Intel Atom N550 Notebooksby Balraj Sandhu on August 30, 2010 6:53 PM EST
Intel Atom N550 Notebooks
Intel has launched the latest version of their successful Atom processor, the N550. While the latest Intel Pineview Atom processors run at very low wattages, and allow very small form factor notebooks to be packaged around them, there has always been a fundamental issue: performance. The new N550 looks to correct this, with the biggest change being a move to dual cores.
The N550 carries over the same architectural benefits of the very popular, if sluggish, Pineview N450 including Hyper-Threading and 64-bit support. However, it adds on to that a second core, double the L2 Cache (1MB) and DDR3 RAM support. The core speed has dropped from 1.66GHz to 1.5GHz, presumably to keep the TDP down. The N550 is not the first dual-core Atom CPU Intel has made. They currently make a couple dual-core Atom processors, and in essence, this is the power binned netbook version of the D510.
So the nettop market has had the D510—and newer D525 with DDR3 support—for a while, and even when Atom first launched there was the Atom 330. While these CPUs are similar to the single-core Atom variants there are a few key changes. The reason these CPUs weren't used in netbooks—excepting a few ASUS models like the 1201N and the upcoming 1215PN—is the TDP and lack of power saving features. At 13W the 330 and D510 run too hot and consume too much power for practical implementation compared to the 5.5W N450. Add on to that the lack of SpeedStep, so the CPU runs at a constant 1.6GHz/1.66GHz, and as we measured on the 1201N battery life takes a serious dive. The new N550 fits somewhere between the N450 and D525 at 8.5W, but Intel claims battery life will be unaffected over the N450 thanks to power savings elsewhere—i.e. the use of more power friendly DDR3 RAM compared to DDR2 RAM.
It looks like RAM support is limited to just 2GB, which makes the 64-bit architecture a little less useful. Though bearing in mind these netbooks will probably ship with Windows 7 Starter, and the general type of work performed on netbooks, perhaps greater amounts of RAM aren’t required. The processor is also produced with a 45nm lithography process, again a little strange as the Arrandale Core i3/5/7 processors that have been available from the start of the year brought 32nm to the notebook market. The other strange one is that the integrated graphics looks unchanged from the anemic GMA 3150, clocked at a rather miserly 200MHz. Again, this is probably not a big deal for the use of netbooks, but it does mean HD video content (i.e. HD YouTube) will continue to need something more than just the Intel IGP. So NVIDIA's Next Generation ION and Broadcom's CrystalHD should still be of use in Atom netbooks.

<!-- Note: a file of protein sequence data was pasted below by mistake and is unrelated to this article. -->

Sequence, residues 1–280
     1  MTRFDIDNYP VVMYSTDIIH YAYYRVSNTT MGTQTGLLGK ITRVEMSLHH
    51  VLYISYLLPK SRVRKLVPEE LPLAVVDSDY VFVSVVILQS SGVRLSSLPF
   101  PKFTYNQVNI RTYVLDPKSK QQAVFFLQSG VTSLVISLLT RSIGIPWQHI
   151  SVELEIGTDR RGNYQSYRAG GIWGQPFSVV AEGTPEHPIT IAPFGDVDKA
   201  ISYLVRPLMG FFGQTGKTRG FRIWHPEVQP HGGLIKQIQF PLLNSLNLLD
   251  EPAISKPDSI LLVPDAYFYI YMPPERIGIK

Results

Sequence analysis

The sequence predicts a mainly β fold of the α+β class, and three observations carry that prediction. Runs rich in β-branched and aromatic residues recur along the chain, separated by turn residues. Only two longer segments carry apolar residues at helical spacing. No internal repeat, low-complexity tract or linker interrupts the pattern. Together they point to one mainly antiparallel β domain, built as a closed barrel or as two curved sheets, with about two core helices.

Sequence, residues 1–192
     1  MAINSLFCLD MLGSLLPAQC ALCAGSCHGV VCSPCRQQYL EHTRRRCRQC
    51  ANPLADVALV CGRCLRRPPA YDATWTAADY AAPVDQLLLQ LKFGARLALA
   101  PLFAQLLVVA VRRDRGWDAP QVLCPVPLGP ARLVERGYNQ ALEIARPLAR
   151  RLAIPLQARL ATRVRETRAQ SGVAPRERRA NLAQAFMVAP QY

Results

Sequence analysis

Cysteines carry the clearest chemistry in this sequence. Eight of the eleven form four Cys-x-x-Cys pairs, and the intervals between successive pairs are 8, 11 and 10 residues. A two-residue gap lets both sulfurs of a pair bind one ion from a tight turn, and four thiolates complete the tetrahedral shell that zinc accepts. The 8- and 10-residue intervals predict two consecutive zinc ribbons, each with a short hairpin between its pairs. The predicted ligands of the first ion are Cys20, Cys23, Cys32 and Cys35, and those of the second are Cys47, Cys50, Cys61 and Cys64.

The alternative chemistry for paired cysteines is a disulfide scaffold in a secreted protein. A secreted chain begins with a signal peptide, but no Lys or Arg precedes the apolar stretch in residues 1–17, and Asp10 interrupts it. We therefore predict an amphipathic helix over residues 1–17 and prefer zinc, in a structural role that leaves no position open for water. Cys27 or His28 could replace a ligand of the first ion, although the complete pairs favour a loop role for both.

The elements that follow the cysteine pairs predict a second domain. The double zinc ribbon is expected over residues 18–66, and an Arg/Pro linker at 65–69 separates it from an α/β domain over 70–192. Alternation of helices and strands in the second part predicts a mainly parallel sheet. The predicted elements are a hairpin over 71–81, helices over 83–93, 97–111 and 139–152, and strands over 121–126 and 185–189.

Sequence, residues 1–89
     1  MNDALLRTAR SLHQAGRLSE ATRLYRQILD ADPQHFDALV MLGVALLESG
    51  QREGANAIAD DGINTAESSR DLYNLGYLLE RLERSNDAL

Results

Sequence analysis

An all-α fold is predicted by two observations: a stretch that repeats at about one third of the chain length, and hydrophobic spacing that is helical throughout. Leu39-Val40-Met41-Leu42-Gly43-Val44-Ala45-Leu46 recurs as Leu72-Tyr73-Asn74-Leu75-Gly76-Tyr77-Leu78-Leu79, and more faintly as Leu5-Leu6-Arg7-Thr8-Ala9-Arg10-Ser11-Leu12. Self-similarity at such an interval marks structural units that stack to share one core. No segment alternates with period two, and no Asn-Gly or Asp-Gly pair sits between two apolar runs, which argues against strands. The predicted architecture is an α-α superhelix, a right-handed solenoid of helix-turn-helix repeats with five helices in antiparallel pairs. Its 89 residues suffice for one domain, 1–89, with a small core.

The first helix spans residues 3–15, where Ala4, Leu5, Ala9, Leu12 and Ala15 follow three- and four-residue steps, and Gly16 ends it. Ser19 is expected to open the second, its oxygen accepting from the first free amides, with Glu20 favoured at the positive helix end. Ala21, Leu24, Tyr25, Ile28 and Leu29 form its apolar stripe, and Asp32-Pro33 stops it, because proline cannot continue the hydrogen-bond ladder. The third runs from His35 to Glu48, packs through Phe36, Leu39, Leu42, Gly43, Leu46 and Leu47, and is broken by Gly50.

Some early benchmarks show that there is certainly a performance benefit from the dual-core upgrade. Intel claims the new CPU will perform much better with Flash and with multimedia websites like YouTube and Hulu. Our own testing of various mini-ITX systems on the other hand suggests even dual-core Atom gets beat by the old dual-core CULV chips. While we aren't keen on the use of CULV in mini-ITX, considering the Clarkdale options available, for laptops and netbooks it still seems like CULV + 9400M (a.k.a. ION) could have made for an interesting combination—one that could very easily surpass even this new N550. But such a system doesn't seem likely, given Intel's move from the FSB architecture and EOL for Core 2 chips.
The netbook manufacturers are in the process of updating their netbooks to feature the latest processor. ASUS, who kicked off the netbook drive with their first Eee PC, has the Eee PC 1015n coming out, with a 10.1” (presumably 1366x768 given the presence of ION) display. It couples the Intel Atom N550 CPU with its integrated graphics core to a next generation NVIDIA ION GPU and uses NVIDIA’s Optimus Technology to switch between them providing vastly improved graphics performance while still maintaining good battery life. Rumors indicate it will include 1GB DDR3 RAM, 250GB HDD, HDMI out port, 802.11b/g/n, Bluetooth 3.0, a 6-cell battery rated to last 8 hours and Windows 7 Starter Edition. Estimated arrival is in September for around $399 if the Internet scuttlebutt is anything to go by.